Snakes: Even if many of them are harmless, they’re still pretty scary. Most people have accidentally stumbled upon one at one time or another, and when that happens the experience tends to elicit a jolt of deep, primal fear — one which is likely rooted in mammals’ longstanding beef with reptiles. The one upside of snakes, if you can call it that, is that they tend to be fairly solitary when it comes to hunting and feeding. Although some snakes can be dangerous on their own, you are unlikely to be carried away by a ravenous pack of them.
Except: A new study in Animal Behavior and Cognition by Vladimir Dinets, a psychology professor at the University of Tennessee, Knoxville, offers what he believes is the first-ever evidence that some snakes do coordinate their hunting. And the study includes an image likely to haunt the dreams of anyone who is even a bit herpetophobic.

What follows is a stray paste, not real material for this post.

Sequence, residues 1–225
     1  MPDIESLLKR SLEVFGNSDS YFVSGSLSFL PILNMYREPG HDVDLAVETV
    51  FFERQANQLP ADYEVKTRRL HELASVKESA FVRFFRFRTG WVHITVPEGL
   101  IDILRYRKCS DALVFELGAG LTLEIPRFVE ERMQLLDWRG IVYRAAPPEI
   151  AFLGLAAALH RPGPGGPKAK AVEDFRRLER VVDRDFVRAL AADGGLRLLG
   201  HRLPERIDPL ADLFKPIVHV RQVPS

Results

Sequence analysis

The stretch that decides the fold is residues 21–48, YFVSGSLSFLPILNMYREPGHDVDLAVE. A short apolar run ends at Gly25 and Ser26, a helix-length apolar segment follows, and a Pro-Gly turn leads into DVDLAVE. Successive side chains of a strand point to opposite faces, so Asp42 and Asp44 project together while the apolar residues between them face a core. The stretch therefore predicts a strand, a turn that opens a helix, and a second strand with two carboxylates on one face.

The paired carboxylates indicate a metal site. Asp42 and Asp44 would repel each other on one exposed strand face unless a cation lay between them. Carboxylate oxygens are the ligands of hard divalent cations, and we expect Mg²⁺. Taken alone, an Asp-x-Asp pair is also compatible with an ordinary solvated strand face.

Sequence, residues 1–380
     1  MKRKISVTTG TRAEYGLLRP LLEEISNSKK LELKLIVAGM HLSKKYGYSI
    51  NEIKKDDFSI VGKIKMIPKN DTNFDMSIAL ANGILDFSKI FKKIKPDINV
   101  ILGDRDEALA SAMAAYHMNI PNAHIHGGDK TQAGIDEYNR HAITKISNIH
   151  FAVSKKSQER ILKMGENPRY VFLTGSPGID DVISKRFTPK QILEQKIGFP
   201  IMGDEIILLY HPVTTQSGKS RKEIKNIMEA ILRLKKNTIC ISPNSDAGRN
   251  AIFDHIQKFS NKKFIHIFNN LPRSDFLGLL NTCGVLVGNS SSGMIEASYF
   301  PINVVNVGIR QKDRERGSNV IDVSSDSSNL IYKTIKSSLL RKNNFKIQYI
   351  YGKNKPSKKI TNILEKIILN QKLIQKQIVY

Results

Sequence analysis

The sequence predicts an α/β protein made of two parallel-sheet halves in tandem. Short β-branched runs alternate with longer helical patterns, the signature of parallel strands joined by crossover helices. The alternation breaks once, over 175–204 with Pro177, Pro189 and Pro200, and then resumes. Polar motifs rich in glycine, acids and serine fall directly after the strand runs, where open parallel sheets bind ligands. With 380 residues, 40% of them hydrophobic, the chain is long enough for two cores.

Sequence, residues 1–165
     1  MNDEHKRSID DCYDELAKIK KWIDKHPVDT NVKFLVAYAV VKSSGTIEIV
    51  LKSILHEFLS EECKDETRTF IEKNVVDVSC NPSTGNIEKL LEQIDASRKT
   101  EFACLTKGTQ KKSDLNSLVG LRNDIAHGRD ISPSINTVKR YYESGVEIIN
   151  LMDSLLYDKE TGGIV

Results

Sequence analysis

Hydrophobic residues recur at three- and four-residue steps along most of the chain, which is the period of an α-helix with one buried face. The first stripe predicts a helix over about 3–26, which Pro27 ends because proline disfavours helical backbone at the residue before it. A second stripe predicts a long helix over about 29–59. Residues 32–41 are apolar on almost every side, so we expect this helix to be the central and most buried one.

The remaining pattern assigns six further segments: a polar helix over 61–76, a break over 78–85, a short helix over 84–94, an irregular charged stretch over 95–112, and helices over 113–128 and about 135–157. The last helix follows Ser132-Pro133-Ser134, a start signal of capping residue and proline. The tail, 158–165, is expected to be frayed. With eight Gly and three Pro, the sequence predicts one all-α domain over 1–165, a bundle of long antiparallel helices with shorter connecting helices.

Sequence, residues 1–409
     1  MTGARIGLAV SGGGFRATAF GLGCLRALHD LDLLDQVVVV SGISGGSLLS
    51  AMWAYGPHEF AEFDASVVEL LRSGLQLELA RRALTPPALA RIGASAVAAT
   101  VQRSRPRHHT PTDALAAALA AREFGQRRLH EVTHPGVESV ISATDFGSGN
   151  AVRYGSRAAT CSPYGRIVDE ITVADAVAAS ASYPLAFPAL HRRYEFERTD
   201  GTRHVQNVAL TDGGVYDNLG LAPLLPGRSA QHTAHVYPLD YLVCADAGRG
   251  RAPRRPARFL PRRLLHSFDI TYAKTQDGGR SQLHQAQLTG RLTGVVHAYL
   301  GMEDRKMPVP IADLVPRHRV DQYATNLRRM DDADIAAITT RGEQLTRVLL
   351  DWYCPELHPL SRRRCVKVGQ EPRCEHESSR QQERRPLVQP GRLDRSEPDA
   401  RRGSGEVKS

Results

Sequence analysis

To the press release:
Many Cuban caves shelter large bat colonies, and in some of them small populations of boas regularly hunt the bats as they fly out at dusk and return at dawn. Dinets noticed that the boas hung down from the ceiling of the cave entrance and grabbed passing bats in midair. He found that if more than one boa was present, the snakes coordinated their positions in such a way that they formed a wall across the entrance. This made it difficult or impossible for the bats to pass without getting within striking distance of at least one boa.
Such group hunts were always successful, and the more snakes were present, the less time it took each to capture a bat. But if there was only one boa, it sometimes failed to secure a meal.
That’s right: A bunch of squirming, hungry snakes hanging down from a cave entrance, forming a living wall designed to snatch bats right out of the air. It’s like something out of a bad LSD trip.
The release goes on to note that “to date, only a handful of snakes have been observed to hunt in groups, and coordination among them — or among any other group-hunting reptiles — has never been proven,” according to Dinets. So this is definitely an interesting finding — even if it is likely to cause a nightmare or two.